Mexico qualified for the competition by winning the inaugural edition of the CONCACAF Cup, a one-off play-off match against the United States after both teams triumphed at recent Gold Cups (the former in 2013, the latter in 2015). There were some doubts over whether manager Juan Carlos Osorio and his players would be taking the Confederations Cup seriously given the fact that the 2017 Gold Cup gets under way just five days after the final in Russia, but the strong squad selected by the Mexicans demonstrates that they are not content to simply make up the numbers in the earlier tournament.
There is plenty of talent within the travelling party Osorio has chosen, with Mexico's blend of youth and experience likely to serve them well. Javier Hernandez, once of Manchester United and Real Madrid, was not at his best for Bayer Leverkusen this season yet remains one of the deadliest poachers around, while Carlos Vela, Raul Gimenez and Giovani dos Santos will also be pushing for a place in the starting XI up top.
In midfield, Hector Herrera of Porto remains an underrated all-round force and Andres Guardado possesses bags of experience, while wide man Jesus Manuel Corona – a club team-mate of Herrera – has the skill and trickery to beat virtually any full-back in a one-on-one situation. At the back, 38-year-old Rafael Marquez has still not hung up his boots at international level; it is not yet clear whether the former Barcelona and Monaco stopper will start, but a lack of pace and mobility could prove problematic if he does.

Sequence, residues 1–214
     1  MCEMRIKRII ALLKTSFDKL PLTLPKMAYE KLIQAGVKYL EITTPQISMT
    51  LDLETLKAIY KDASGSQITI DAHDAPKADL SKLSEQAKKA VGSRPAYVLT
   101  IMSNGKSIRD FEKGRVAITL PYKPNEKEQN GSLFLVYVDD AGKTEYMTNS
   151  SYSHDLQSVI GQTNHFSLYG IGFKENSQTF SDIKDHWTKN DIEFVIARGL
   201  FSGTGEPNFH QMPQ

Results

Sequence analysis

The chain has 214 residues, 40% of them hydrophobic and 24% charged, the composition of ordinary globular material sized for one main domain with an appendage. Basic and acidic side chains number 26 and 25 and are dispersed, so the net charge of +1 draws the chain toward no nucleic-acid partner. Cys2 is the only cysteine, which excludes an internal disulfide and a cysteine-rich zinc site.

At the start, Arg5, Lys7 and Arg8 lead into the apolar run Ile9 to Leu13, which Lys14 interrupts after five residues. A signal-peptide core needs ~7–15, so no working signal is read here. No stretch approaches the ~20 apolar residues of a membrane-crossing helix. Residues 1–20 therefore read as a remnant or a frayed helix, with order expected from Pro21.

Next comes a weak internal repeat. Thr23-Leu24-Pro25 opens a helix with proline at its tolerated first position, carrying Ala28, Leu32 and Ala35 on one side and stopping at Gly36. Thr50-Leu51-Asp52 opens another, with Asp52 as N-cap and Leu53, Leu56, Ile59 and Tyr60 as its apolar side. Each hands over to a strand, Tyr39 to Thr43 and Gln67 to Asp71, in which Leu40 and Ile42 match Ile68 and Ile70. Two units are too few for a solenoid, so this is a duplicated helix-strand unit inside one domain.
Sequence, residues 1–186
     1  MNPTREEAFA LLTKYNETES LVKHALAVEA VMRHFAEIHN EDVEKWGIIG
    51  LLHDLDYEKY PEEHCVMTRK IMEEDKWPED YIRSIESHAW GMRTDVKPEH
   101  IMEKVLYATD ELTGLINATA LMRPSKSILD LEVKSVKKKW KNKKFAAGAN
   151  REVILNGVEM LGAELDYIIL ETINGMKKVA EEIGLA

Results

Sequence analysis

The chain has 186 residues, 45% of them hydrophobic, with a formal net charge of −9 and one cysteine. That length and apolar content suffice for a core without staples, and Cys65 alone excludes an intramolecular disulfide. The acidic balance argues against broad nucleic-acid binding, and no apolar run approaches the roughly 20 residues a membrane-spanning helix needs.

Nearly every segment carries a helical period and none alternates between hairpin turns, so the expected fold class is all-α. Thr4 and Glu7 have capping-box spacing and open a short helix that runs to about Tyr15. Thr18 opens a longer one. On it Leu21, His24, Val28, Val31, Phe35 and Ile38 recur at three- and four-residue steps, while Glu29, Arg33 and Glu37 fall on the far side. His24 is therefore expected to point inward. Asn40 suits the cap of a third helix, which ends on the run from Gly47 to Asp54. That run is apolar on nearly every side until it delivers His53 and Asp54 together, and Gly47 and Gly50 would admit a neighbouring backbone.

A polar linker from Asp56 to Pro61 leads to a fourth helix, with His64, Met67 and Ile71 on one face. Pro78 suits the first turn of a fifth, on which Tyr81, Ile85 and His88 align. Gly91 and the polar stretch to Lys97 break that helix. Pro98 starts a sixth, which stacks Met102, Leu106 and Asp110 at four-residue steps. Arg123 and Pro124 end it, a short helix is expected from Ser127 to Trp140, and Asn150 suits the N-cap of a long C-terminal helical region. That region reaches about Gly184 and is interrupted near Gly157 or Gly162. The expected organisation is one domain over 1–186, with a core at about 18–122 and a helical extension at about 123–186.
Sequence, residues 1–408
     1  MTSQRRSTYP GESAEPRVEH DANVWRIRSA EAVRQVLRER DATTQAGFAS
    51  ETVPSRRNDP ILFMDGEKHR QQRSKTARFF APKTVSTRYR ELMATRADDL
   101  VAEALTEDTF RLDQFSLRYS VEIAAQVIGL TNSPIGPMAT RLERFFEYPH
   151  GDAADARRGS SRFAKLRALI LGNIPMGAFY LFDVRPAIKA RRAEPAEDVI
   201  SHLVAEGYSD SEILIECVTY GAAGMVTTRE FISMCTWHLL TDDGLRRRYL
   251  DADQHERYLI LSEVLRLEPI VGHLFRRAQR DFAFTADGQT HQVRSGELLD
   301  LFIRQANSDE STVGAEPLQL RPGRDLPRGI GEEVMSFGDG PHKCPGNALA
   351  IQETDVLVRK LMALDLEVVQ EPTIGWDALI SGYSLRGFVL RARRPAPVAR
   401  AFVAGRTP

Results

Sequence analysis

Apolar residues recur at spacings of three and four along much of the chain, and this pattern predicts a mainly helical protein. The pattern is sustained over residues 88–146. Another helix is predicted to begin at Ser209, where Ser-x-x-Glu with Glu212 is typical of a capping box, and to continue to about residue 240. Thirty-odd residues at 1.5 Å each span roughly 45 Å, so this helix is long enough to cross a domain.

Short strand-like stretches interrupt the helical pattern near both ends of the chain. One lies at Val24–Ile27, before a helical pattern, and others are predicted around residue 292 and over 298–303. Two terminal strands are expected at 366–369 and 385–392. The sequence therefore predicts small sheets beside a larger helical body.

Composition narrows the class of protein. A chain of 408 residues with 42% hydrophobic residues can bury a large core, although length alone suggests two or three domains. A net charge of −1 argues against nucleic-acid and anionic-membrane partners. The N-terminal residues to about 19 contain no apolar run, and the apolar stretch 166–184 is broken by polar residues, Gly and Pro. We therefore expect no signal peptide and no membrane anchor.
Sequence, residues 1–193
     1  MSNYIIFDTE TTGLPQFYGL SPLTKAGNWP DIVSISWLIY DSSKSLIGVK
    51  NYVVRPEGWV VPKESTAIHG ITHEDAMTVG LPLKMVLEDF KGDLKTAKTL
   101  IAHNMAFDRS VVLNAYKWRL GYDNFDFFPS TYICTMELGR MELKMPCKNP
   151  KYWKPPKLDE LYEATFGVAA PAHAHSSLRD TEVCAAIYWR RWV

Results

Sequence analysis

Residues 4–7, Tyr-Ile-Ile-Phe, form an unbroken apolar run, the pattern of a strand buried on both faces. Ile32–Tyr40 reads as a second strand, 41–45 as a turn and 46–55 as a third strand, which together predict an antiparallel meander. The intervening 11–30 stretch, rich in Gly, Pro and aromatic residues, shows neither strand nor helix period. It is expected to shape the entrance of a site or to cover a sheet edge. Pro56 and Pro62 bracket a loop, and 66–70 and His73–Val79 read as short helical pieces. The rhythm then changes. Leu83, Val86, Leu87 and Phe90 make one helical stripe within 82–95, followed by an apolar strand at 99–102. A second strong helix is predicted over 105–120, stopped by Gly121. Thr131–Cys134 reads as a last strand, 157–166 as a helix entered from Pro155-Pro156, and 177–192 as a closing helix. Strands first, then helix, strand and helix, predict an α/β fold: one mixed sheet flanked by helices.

Osorio is a flexible coach who has used a number of different systems in recent months, including a 4-3-3, a 4-2-3-1 and a 4-4-2. A three-man defence does not look like a viable option, but the Colombian will probably opt for whichever system allows him to include as many of his talented attackers as possible without adversely affecting the balance of the team. A 7-0 defeat by Chile in the semi-finals of the Copa America Centenario last summer will probably still be playing on his mind, though.
Germany, Portugal and the Chileans currently look better equipped than Mexico heading into the tournament, but it would not be a huge shock if Osorio's men lifted the trophy in Russia. They will certainly fancy their chances of making it through to the last four, and from there they would have a good chance of going all the way. A flutter on Mexico making it to the final could be worthwhile, with Hernandez a potentially astute choice for top scorer.